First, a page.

Review: Samsung T259
It's been so long since I've tested a phone with a physical dialpad, I forgot how nice it is to have. Aside from simply dialing numbers on the keypad, the T259 supports shortcuts for up to 99 contacts. If you actually dial a number, you can hit send to call it, or the soft key to access the options menu. This lets you add the number to contacts, etc. As you type numbers, it will sort through our contacts and display relevant matches. Pressing the send key before you dial a number opens the call history. The call history lumps everything into one tab (dialed, received, missed), but you can sort them out by tapping the d-pad sideways.
In-call options are pretty extensive. Aside from muting the microphone or turning on the speakerphone, the options allow you to access the web, calendar, contacts and other applications during a call.
AD article continues below...
The contact application in a no-frills job that handles the basics well enough. The T259 comes preloaded with the usual assortment of T-Mobile contacts, but adding your own doesn't take too much effort. For existing customers, you should be able to use T-Mobile's account back-up service to retrieve contacts from T-Mobile's servers. If not, adding them one at a time is a little painful via the 12-key dialpad. Though you can access Facebook and Google accounts from the browser, it's not possible to sync data from those accounts to the T259.
Each contact holds 4 phone numbers, one email address, one street address and other items such as notes, birthday, ringtone and picture ID. Disappointingly, you can't add an IM handle or web address.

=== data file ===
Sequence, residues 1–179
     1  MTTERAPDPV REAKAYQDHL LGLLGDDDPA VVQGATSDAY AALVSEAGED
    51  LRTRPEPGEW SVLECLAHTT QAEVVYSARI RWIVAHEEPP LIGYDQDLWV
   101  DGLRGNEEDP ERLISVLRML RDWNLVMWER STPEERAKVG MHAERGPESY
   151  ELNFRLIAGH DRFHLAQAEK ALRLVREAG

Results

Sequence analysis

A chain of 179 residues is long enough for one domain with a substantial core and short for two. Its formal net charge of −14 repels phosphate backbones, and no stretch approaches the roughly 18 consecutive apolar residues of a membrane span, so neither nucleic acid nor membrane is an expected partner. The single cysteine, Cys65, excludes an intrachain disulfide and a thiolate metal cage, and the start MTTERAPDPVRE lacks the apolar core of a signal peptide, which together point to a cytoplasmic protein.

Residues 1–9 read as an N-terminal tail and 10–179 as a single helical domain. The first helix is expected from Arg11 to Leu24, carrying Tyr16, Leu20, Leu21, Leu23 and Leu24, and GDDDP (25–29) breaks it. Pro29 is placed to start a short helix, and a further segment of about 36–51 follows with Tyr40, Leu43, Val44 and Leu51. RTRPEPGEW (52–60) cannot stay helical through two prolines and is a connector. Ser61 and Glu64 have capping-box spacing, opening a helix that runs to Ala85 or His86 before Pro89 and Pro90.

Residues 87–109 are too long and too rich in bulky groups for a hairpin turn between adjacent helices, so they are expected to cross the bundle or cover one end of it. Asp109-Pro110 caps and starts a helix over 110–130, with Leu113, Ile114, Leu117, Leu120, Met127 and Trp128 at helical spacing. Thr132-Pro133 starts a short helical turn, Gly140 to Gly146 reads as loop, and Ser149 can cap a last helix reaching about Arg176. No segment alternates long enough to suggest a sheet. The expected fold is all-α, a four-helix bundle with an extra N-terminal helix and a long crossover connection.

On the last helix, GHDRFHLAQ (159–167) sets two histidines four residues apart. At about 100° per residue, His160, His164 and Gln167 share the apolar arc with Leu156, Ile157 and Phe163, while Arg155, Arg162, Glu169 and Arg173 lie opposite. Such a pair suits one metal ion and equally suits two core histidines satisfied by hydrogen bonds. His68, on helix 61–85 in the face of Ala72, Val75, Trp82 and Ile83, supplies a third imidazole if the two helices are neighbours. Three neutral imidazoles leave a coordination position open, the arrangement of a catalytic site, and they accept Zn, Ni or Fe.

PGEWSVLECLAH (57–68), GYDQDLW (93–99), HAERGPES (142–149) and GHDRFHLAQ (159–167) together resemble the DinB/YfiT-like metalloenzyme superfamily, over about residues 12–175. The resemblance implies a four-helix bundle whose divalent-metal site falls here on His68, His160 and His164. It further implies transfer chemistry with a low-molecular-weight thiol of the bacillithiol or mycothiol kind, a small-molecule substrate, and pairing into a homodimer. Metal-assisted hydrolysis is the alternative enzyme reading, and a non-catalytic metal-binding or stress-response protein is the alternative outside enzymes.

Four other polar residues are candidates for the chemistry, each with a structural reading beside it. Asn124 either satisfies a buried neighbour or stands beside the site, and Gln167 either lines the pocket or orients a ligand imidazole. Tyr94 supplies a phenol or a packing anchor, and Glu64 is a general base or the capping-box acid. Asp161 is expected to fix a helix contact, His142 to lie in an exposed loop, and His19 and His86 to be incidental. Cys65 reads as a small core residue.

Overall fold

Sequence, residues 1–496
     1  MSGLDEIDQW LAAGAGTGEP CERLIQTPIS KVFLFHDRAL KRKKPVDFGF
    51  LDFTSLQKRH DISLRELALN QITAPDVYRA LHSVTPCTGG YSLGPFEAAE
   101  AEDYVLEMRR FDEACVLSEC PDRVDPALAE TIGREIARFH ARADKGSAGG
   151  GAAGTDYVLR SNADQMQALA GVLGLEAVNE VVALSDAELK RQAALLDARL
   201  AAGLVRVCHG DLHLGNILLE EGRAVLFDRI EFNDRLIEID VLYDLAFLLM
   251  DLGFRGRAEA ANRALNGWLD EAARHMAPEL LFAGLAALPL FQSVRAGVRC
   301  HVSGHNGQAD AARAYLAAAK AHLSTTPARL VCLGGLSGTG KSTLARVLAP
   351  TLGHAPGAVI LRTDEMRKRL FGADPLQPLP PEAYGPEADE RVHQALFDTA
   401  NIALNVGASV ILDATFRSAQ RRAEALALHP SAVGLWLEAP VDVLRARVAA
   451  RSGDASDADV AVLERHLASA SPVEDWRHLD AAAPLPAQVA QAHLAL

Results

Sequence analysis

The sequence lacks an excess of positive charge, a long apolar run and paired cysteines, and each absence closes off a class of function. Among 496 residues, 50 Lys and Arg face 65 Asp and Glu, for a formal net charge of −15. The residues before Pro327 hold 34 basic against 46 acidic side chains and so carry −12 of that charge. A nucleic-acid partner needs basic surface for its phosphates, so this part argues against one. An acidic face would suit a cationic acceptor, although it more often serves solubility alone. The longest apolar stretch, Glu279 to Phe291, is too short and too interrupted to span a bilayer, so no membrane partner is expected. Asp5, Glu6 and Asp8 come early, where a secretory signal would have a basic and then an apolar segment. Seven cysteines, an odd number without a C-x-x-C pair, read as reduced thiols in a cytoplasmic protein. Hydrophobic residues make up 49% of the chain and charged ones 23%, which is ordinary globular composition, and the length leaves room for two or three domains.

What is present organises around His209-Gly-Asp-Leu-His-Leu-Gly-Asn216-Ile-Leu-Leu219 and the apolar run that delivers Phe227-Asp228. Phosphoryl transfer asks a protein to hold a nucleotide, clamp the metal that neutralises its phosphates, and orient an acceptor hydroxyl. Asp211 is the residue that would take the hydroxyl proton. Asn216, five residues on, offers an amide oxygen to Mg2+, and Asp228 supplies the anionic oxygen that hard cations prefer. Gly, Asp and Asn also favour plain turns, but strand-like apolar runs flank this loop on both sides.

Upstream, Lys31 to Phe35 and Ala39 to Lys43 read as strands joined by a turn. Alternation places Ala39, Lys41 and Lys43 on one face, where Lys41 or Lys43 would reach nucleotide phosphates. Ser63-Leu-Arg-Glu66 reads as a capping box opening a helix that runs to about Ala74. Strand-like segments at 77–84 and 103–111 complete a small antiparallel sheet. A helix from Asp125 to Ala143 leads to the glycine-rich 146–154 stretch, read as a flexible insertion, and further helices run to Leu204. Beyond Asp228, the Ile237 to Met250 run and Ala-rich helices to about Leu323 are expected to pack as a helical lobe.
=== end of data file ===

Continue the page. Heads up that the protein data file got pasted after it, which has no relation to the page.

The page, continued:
Review: Samsung Galaxy S8
Samsung's Galaxy S8 flagship raises the bar for smartphones thanks to its eye-popping display, attractive design, and blistering performance. This Android handset impresses in nearly every way.
Review: Samsung Galaxy S8+
The Samsung Galaxy S8+ is a heavy-hitter that trounces much of the competition. This Android flagship from the world leader in smartphones struts its stuff with pride, despite several pain points that hold it back.
Review: Samsung Galaxy S6 for AT&T
Samsung's flagship Android smartphone for 2015 is stunning in many ways. This metal-and-glass handset is attractive and powerful.
Review: Samsung Galaxy J7 V for Verizon Wireless
This mid-range Android handset is a throwback to Samsung's heritage line of smartphones. It offers a big screen and an even bigger battery wrapped up in a plastic shell.
Review: Samsung Galaxy Note8
The Galaxy Note8 is Samsung's ultimate flagship for 2017. The Note8 takes the attractive design language from Samsung's own Galaxy S8 and pairs it with one of the largest screens and best cameras available.